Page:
Needless to say, there was sand everywhere.  Clouds of it billowed up over my sifter. I was tracking it with my barefeet into other rooms of the condo.  My kitchen appliances, furniture, everything seemed to have either a fine coating of dust or an odd stone or two sitting on them.  At this point, absolutely nothing mattered to me except finishing the ball.  I was well into watching “Treasure Island” (the 1934 version to boot – it WAS Christmas after all), and finally the sand actually started flowing properly.  It took about two movies to get the ball filled.

At this point I was fairly pleased with myself.  The ball weighed about 20 pounds (having tested it on my brand new bathroom scale).  But the ball wasn’t completely filled.  I thought that might be a problem, because I didn’t want the sand to be rolling around from side to side.  So I did a quick internet search, and found a guy who had finished off his medicine ball by spraying in a quantity of expanding foam.  That sounded like a plan–the foam would expand to fill the hollow spaces and would harden solid.

Back I went to the hardware store to purchase a can of foam and some rubber gloves.  I had never used the stuff before, but it seemed pretty straightforward.  I remember seeing a few ‘caution’ notices and ‘danger’ icons on the can, now that I think about it.  Anyhow, armed with some googles and my rubber gloves, I inserted the tip of the little straw nozzle into the hole I had made in the basketball, and started to spray.  Everything seemed fine.  As I sprayed, I started to think to myself “Now I wonder when I’m supposed to stop?”.  It wasn’t like I could see what I was doing, as there was no way to see inside the ball.  I gave it a few more sprays when the ball started to slightly expand in size.  “OK, I think this is the point to stop”, I thought to myself.  I may have given it one tiny little spurt more, I can’t really recall, because everything after that point seems a bit foggy now…

Slowly I pulled the nozzle of the can out of the hole.  The pressure inside the ball was instantly relieved as a big geyser of foam shot out from the hole, spewing chemicals everywhere.  It was like holding a mini-volcano.  And it didn’t stop.  Clearly, the key word in ‘expanding foam’ is ‘expanding’.  I was sitting right beside my balcony sliding glass doors, and any sane person would have just thrown the ball outside onto the balcony…but not I.  The only thing I could think of in my desperation was to get the ball into the bathtub, where it couldn’t do any damage to my floors and furniture.  So I carried the ball to the bathroom, with it spurting and spouting all the way, and flung it into the tub where it landed with a crash–and sat there oozing foam.

I looked first in the mirror (through the spots of foam that were all over my glasses).  I had foam on my face, hair, clothes, arms, everywhere.  I next looked down at the floor.  There was a trail of foam leading from the bathtub, across the tiles, and all across the living room cork floor.  I looked at the chair I had been sitting in.  More foam.  I looked up at the ceiling.  Foam was dripping down, adding to the mess on the floor.  At that point, I didn’t know how to react.  I actually couldn’t believe what had just transpired, and was still thinking that perhaps it would be possible to somehow rewind the events over the past minute and start again.  My next thought was of lighting a match, throwing it into the foam, walking out of the condo and locking the door, and never returning.  Of course that wasn’t really an option.  It was just a thought.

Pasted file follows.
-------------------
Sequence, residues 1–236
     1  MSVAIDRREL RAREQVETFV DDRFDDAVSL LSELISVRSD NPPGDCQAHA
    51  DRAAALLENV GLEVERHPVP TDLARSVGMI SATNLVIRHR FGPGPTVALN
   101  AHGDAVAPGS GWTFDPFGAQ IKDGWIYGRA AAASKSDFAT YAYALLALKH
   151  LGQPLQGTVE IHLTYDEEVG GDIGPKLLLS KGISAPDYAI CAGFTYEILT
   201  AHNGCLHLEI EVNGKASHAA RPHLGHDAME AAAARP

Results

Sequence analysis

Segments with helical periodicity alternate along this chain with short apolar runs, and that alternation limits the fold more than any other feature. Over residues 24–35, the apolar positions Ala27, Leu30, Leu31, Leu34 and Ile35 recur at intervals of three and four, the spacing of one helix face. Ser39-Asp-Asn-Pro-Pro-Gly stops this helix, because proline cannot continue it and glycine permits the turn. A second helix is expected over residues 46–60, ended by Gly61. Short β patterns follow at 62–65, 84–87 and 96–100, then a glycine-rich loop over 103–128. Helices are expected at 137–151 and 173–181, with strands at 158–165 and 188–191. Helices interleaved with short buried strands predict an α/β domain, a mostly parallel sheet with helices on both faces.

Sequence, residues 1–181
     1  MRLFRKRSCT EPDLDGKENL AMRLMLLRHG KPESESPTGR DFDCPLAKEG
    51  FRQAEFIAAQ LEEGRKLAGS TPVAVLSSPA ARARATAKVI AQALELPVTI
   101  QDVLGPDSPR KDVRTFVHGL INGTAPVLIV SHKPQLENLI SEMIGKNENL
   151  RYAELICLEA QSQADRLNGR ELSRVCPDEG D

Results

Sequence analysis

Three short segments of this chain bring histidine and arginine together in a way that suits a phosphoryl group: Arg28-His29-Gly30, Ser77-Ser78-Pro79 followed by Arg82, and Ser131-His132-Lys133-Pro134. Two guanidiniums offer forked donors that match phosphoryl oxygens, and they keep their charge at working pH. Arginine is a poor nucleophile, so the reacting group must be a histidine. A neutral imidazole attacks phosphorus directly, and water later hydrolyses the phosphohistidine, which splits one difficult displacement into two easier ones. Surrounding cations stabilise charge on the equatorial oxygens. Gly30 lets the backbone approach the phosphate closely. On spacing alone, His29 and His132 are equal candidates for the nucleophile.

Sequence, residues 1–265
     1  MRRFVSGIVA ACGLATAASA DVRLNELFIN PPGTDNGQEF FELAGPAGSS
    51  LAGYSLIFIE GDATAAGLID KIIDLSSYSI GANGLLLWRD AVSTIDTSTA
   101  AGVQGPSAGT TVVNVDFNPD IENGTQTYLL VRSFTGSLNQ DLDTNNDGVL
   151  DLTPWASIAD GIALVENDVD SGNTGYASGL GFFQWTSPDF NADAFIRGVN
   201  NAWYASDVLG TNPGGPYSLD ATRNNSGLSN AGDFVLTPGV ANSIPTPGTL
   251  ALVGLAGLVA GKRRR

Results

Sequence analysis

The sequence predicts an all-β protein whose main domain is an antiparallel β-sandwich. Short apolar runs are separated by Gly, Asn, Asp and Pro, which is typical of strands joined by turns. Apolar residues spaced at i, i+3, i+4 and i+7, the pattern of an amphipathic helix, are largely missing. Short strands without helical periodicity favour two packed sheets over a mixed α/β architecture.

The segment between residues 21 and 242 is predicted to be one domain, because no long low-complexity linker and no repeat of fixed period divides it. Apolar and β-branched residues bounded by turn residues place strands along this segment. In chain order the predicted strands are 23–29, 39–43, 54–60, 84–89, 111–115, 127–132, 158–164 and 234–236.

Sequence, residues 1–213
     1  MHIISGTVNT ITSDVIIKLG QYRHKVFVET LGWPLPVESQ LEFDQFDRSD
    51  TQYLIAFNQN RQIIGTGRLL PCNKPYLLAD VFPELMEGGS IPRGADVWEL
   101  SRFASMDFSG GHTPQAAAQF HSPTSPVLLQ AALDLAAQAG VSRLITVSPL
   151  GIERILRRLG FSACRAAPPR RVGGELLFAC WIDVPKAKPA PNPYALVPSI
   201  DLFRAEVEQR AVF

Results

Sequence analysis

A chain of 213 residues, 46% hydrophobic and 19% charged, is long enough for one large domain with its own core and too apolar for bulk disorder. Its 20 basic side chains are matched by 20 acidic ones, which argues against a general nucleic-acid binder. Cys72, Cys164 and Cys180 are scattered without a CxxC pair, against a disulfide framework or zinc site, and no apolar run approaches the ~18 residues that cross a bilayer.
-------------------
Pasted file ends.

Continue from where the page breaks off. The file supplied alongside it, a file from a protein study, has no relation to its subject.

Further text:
Desperately examining the can instructions, I read that while the foam was fresh and still wet it could be removed with some kind of acetone.  Last time I checked I was fresh out of the stuff.  Next, the label informed me that once the foam had dried, I could ‘sand it or shape it’ to my hearts desire.  I didn’t want to ‘sand it or shape it’–I wanted it gone!

Back once more I trotted to the hardware store, and while everyone was doing their last minute Christmas shopping, I was emptying the cleaning aisle of various and assorted industrial strength products.  I don’t recall what all I purchased, but I was kind of desperate.  I was practically ready to get something to start ‘sanding and shaping’.  Once I got home, the foam had pretty much dried solid.  Industrial cleaners seemed pretty ineffective.  It was only the Goof Off that had some effect, when used with a razor blade scraper.  And I had to scrape a lot.  Scraping worked well on the tiles in the bathroom, and on the countertop.  But the bathtub was more difficult (almost impossible to not scratch).  And my cork floor in the main living area – well the damage had been done.  I got all the foam off, but had to remove some of the finished surface of the cork to do so.  I am still in a state of disbelief about this whole tragedy!

More pics of medicine ball making…I didn’t take any post-calamity pictures as I had other things on my mind.

Once I had everything back into some semblance of normality (except for the more permanent damage), I was able to seal the basketball with the tire repair kit.  It’s a super strong seal, but I made double-sure that nothing was going to go wrong by sealing the plug with some Shoo Goo.  I have to say that the end product, despite its ridiculous beginnings, is top notch.